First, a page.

Working For Buttons
April 15, 2012 by JoBe Cerny
When I first entered the business in Chicago, I only had one contact. An actress I met at Northwestern gave me the name and phone number of her agent. I really had no idea what to expect. As a theatre actor in Indiana, I didn’t need an agent. So, I had no idea how to go about finding an agent or acting work in Chicago. I didn’t even have headshots. All I had was a resume of the plays I performed in.
I had only one phone number so I called it.
My friend’s agent was Shirley Hamilton. In 1972, Shirley’s office was a very busy place. The first time I walked into the office it was filled wall to wall with actors I had seen on television and in plays on my trips to Chicago. I felt like I was in way over my head. But, I had a meeting with Shirley and a couple of other agents in the office, and they gave me the name of a photographer to shoot some photos of me because they needed pictures to submit.
The photographer was Sally Geisel, and she shot some really good pictures of me. Sally told me I was funny and photographed well. The agents in Shirley’s office liked the shots and said it would be okay to for me to check in with them.
For the first month I would stop in once a day to show my face and say my name so they would get to know me. But I would also stay and talk with other actors to find out how they found work. And then I would call the agency at the end of the day to see if there were any auditions I could go on the next day. At the end of the first month, I netted no auditions. It took almost another full month of checking in twice a day for agents to start remembering me. One day one of the agents took mercy on me and got me a job as one of sixty extras on a Sears Commercial.
That was enough to keep me going.
But the agents at Shirley’s suggested I try to register with other agents. They really didn’t know what to do with me. So, I hit the street and registered with every agent I could. I registered with Emilia Lorence, A Plus, The Seaman Agency, M.I. Agent, The Geddes Agency, Norm Schucart, Eileen Slater, and even Playboy. I got to meet a bigger network of people, and I checked in at more places every day.
Finally one day, I got a call from Shirley’s office for an audition. They were going to only put five actors on the audition, and I was going to be the fifth. I always liked auditioning last so I was pretty excited. Each of the actors didn’t stay in the room long, but the actor who went right before me came out of the audition angry.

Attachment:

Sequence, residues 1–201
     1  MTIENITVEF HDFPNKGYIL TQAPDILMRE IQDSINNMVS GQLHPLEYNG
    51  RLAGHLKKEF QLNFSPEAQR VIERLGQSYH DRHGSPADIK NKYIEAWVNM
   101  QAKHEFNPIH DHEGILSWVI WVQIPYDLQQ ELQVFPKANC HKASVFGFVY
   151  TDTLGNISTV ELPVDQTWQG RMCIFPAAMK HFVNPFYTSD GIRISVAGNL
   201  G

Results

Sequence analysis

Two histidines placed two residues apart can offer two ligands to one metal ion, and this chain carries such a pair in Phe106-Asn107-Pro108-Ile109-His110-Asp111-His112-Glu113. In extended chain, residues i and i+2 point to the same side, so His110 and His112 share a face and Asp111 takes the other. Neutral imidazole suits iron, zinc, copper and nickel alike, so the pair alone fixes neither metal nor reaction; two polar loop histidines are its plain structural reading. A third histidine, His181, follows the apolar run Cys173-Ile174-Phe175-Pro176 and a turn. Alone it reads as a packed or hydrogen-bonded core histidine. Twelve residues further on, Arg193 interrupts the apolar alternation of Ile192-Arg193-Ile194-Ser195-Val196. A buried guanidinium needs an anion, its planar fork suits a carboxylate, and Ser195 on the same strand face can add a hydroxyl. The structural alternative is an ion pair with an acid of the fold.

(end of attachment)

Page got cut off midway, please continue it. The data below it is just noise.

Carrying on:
He threw the script at Shirley, and questioned why she would put him on an *#%?x! audition like that!
Shirley apologized to him and soothed his ruffled feathers. Then she smoothed out the copy of the crumpled script he threw at her, and she handed the script to me and said: “You’ll be perfect for this.” So, I walked through the door and won the audition because I was the only actor desperate enough to do the job.
Shirley remembered I was a graduate assistant in the Scenery Department at Northwestern, and the producer wanted an actor who could set up scenery and act. So, I was the perfect person for the job.
I hired on the spot to do a five-minute show, four times an hour, 10 hours a day, six days a week, for five straight weeks in shopping malls. So, I did 240 performances in five weeks. In the advertising business, this type of show is called a trade show. Shows like these usually involve meeting consumers in public places and giving them something for free. This show was for Standard Oil. I did a little comedy, showed a film, and then passed out free replica historic presidential campaign buttons. Mall patrons also got a chance to win a replica Model T Ford.
I was paid $250.00 a week for malls in Chicago, but in Indianapolis I got a per diem of $125.00 a week to cover my gas, meals, and hotel rooms. (Two years earlier, the Army was paying me $89.00 a month so this seemed like a really good paying job to me.) But, getting this job was a turning point in my career. I finally won an audition in Chicago, and I was paying an agent a weekly commission. By doing a job no body else wanted, I guess I proved I was willing to be easy to work with and I let the agents at Shirley’s know I was grateful for the work.
When I told them of my adventure doing forty shows a day in a shopping mall, I think they felt sorry for me and started putting me on better auditions. My next audition was for a local Detroit television commercial as a spokesman for a carpet store, Beckwith Evans Carpet, and I won that audition, too. (Since they gave me my first commercial, I still recommend them to anyone who needs to buy carpet in Detroit.) And I even got to join AFTRA as a result of doing that commercial which led to me get many more auditions and commercials. But the Trade Show job helped me get an agent, and it was my first big break in Chicago Advertising.